No. 96 is ‘Au fond du temple saint’. This hauntingly beautiful opera duet is sung by “Nadir” and “Zurga”, two pearl fishermen on the island of Ceylon. Their lifelong friendship was once threatened by their mutual love of a young priestess, but in this touching ode to their undying friendship they pledge to never let anything come between them again.
No. 97 is Mozart’s Requiem – Lacrimosa. Composed in Vienna in 1791, the Requiem has been featured on countless movie soundtracks. Lacrimosa is the 8th movement of the Requiem, and the most famous. Mozart died before finishing the Requiem at the young age of 35, and Franz Xaver Süssmayr completed and delivered the Requiem to Count Franz von Wasell. The Count had commissioned the piece for a requiem Mass to commemorate his wife’s death (which, incidentally, fell on Valentine’s Day – how tragic!). Count Franz von Wassell commissioned the extensive work anonymously,and it is likely that he intended to put his own name on it. Perhaps he would be a household name had he succeeded, but Mozart’s unexpected death and a benefit concert for his widow put a spanner in the works. In the critically acclaimed 1984 film adaptation of Peter Shaffer’s highly fictionalised stage play Amadeus, it is suggested that it was not Franz von Wassell but Salieri (the famous Italian composer of the Habsburg Court) who anonymously commissioned Mozart’s Requiem. If you haven’t seen it yet, Amadeus really is a first class film which is sure to ignite your passion for Mozart as it did mine.
Requiem – Lacrimosa
by Wolfgang Amadeus Mozart (27 January 1756 – 5 December 1791)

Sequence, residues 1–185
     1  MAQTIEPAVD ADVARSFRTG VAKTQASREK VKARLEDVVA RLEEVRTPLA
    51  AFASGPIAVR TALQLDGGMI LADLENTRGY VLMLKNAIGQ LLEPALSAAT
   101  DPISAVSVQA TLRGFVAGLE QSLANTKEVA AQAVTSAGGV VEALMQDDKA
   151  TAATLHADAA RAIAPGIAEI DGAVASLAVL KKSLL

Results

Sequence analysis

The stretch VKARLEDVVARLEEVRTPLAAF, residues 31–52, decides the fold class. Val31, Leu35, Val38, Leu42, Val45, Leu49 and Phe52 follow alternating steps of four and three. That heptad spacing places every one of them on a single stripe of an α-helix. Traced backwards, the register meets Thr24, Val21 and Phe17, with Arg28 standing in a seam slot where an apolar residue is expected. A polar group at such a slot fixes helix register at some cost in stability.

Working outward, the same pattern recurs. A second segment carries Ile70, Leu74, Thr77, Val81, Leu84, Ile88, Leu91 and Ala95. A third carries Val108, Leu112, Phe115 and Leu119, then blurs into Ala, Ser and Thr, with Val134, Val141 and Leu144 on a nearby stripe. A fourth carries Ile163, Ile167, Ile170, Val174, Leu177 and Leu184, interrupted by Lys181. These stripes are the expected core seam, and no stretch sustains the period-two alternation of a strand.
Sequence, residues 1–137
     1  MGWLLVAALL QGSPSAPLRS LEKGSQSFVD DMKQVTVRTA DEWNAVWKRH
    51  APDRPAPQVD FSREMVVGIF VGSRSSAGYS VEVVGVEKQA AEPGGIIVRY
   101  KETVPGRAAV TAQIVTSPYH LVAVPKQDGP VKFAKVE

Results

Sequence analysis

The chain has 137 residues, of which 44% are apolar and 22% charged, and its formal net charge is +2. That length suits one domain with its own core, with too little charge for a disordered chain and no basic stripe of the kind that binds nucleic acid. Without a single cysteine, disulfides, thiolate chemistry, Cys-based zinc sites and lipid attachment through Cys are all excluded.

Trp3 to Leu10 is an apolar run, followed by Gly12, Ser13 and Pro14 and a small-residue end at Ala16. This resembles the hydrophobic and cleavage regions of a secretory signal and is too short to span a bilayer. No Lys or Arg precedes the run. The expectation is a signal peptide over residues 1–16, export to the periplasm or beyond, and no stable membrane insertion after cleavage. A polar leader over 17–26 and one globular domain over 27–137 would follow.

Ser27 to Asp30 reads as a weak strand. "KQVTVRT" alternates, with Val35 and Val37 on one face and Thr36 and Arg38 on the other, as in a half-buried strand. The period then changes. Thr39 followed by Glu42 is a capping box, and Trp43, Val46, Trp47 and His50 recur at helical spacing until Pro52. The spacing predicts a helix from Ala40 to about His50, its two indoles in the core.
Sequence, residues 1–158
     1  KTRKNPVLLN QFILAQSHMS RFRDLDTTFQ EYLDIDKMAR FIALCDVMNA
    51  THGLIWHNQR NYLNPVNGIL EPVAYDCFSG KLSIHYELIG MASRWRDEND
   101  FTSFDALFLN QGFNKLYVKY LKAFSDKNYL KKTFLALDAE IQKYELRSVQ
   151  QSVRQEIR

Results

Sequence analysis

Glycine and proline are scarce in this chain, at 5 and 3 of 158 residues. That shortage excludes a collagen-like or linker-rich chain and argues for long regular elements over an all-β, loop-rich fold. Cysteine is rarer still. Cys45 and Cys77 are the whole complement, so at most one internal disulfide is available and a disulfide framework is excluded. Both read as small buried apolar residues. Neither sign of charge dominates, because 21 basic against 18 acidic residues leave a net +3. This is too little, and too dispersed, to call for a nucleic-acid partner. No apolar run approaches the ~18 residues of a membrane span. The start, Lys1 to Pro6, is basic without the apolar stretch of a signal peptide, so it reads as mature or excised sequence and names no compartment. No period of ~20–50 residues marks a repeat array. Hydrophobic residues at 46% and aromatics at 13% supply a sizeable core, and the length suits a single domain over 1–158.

Sensual, rhythmic and emotionally stirring, No. 98 is Ravel’s Boléro, a famous one movement orchestral piece, originally commissioned as a ballet by a Russian ballerina (Ida Rubenstein). The video below is of Andre Rieu conducting Bolero at the Telstra Dome in Melbourne. Whilst Rieu has been criticised by some as being too ‘popular’, debussycat applauds him for bringing classical music to a wider audience.
No. 99 is Pomp & Circumstance, a triumphant march often heard at American graduation ceremonies. You’ll recognise it at 1:56. The title was actually taken from Act III, Scene iii of Shakespeare’s Othello:
Farewell the neighing steed and the shrill trump, The spirit-stirring drum, th’ear-piercing fife, The royal banner, and all quality, Pride, pomp, and circumstance of glorious war!”
Beginning with No. 100, debussycat takes you through 100 popular classical hits. Our very first piece is an all time Debussy favourite, and the rendition below by German pianist Walter Gieseking is one of the very finest. Gieseking was widely respected for his interpretation and execution of Debussy.